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Dec 8, 2015 - There is no picture or a black screen appears in the viewfinder or LCDwhen attempting to ... Look to see if an image can be seen in the viewfinder or LCD. IMPORTANT: Some camcorders have both a viewfinder and LCD.
I am not sure what is the problem. You say no"picture"..is the screen totally black? Even when you try to preview photos in your camera memory? If so there is a problem with the hardware, LCD screen battery, or some other part.
If you mean you only see numbers and photo setting information on the LCD, that is normal for this Rebel models. The picture only appears in the viewfinder. It does not have a "live view' function to switch the image from the viewfinder to the LCD while you are shooting, as later model have. I have such a model and it is very disappointing.
LCD Screen Size
Not Interchangeable Lenses
Image Sensor Type
640 x 480
320 x 240
176 x 144
CompactFlash Card Type I
Built-in Memory Size
Viewfinder / Display
With LCD Screen
LCD Protected Position
Without LCD Protected Position
4 x AA Batteries
Built-in MP3 Player
Without Built-in Microphone
Without Built-in Speaker
With Tripod Mount
Microsoft Windows 2000
Microsoft Windows 98
Microsoft Windows ME
Microsoft Windows NT
Microsoft Windows XP
4 x AA Batteries
STEP-BY-STEP INSTRUCTIONS FOR OPERATING YOUR FIRST DIGITAL CAMERA 1. READ YOUR CAMERA MANUAL before taking any photographs. 2. Check your batteries. Make sure to either recharge or replace them if you haven't used your camera as yet or for an extended period. 3. Insert your storage media card in the appropriate slot. If you forget to insert your media card, you'll get a "No Card" message. 4. Remove the lens cap. 5. Turn the camera on by either an on-off switch or a sliding lens cover. 6. Turn off the LCD. (See your camera manual for instructions) 7. Make sure your camera is set for automatic mode. Set the image quality to the size image desired-HQ (high quality) or less (to take more pictures on the same card). 8. Bring the camera up to your eye and look through the viewfinder. Positioning the target mark in the center of the viewfinder on your subject will assure that it will be in focus. 9. Push the zoom lever toward W (wide angle) to shoot wide-angle shots or push it toward the T (telephoto) to zoom in. 10. Press the shutter button half way down gently and confirm that the green light next to the viewfinder is illuminated. 11. Press the shutter button all the way down. You'll hear a beep when you take a picture. Wait until the green light stops flashing before taking another one. Remember, digital cameras have a slight delay that traditional cameras don't since it takes a second to save the image to your camera's storage media card. 12. Turn off the camera. Your new photograph should appear on your camera's LCD screen. TIPS: 1. Use the viewfinder to compose your photograph, not the LCD screen, which will severely drain your battery power. Use your LCD screen only when shooting close-up photographs. 2. Hold your camera steady. Sometimes, the least amount of movement will cause your photo to be slightly blurred. Purchase a very small tripod so that you can provide extra stability for your camera. Also, if there isn't enough light (indoors or outdoors), make sure to use your camera's flash. 3. Experiment with your camera's features and take notes so that you can learn what works for you. Do this before you plan to use it for an important family event or trip.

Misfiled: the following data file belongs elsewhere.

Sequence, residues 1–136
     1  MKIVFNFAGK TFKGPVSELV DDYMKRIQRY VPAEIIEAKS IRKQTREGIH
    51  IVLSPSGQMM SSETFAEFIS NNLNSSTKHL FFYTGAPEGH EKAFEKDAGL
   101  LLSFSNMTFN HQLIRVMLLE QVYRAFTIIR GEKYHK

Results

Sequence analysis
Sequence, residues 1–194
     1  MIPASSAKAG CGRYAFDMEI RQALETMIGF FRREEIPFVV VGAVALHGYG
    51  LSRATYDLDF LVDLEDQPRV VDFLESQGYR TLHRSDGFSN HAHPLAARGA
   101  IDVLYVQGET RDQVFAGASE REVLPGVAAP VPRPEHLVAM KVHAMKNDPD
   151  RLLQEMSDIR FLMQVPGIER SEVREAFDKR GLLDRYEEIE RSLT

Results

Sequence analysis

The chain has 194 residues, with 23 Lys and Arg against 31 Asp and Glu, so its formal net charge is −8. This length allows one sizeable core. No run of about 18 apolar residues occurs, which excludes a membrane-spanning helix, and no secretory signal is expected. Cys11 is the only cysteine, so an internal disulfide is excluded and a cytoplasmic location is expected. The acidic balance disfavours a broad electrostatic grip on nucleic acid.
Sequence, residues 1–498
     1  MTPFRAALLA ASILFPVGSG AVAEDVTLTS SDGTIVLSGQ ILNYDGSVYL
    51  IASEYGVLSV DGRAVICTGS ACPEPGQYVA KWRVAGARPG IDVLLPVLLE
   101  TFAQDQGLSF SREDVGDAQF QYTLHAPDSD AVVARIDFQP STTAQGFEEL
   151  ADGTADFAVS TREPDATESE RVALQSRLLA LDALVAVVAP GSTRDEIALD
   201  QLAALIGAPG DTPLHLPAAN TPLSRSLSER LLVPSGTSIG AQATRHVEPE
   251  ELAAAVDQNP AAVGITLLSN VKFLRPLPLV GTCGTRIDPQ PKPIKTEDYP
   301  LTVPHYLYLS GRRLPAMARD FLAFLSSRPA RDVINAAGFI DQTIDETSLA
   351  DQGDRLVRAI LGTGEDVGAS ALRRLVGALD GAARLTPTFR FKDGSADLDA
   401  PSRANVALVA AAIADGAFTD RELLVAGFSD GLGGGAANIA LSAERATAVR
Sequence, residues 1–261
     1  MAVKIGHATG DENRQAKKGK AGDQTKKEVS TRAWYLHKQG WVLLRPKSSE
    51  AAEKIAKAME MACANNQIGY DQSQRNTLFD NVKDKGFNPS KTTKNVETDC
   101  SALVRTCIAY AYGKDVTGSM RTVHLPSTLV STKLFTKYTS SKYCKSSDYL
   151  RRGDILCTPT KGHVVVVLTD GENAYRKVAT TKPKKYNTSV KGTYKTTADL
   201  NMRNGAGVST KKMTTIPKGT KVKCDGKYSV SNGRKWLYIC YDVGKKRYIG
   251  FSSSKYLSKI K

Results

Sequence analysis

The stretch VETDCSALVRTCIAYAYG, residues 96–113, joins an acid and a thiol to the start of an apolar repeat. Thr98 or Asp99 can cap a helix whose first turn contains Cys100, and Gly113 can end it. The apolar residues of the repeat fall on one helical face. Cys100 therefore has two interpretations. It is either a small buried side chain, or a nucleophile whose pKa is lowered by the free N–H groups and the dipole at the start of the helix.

Press the flash button (just under the viewfinder) to cycle through the flash settings. Your choices are Auto Flash, Auto Flash with Red-eye Reduction, Flash On, Flash Off, and Night.
If you want to capture the screen image, you're better off using the computer operating system's screen-capture capability. This will give you the screen exactly as it is, without the distortions inherent in converting to an analog image and then converting it back to a digital image.
LCD = Lousy Camera Device? Get used to using the optical viewfinder. The LCD is great for reviewing images after you've taken them, but it leaves a lot to be desired as a viewfinder. Keeping your camera steady is no small feat at the best of times, but being forced to hold the camera away from your body to view an image through the LCD adds a new level of instability to the picture-taking process.
Since the viewfinder sees the subject different than the picture taking lens, we recommend using the LCD monitor screen for taking macro pictures. The image previewed on the LCD monitor will be the exact image that is taken.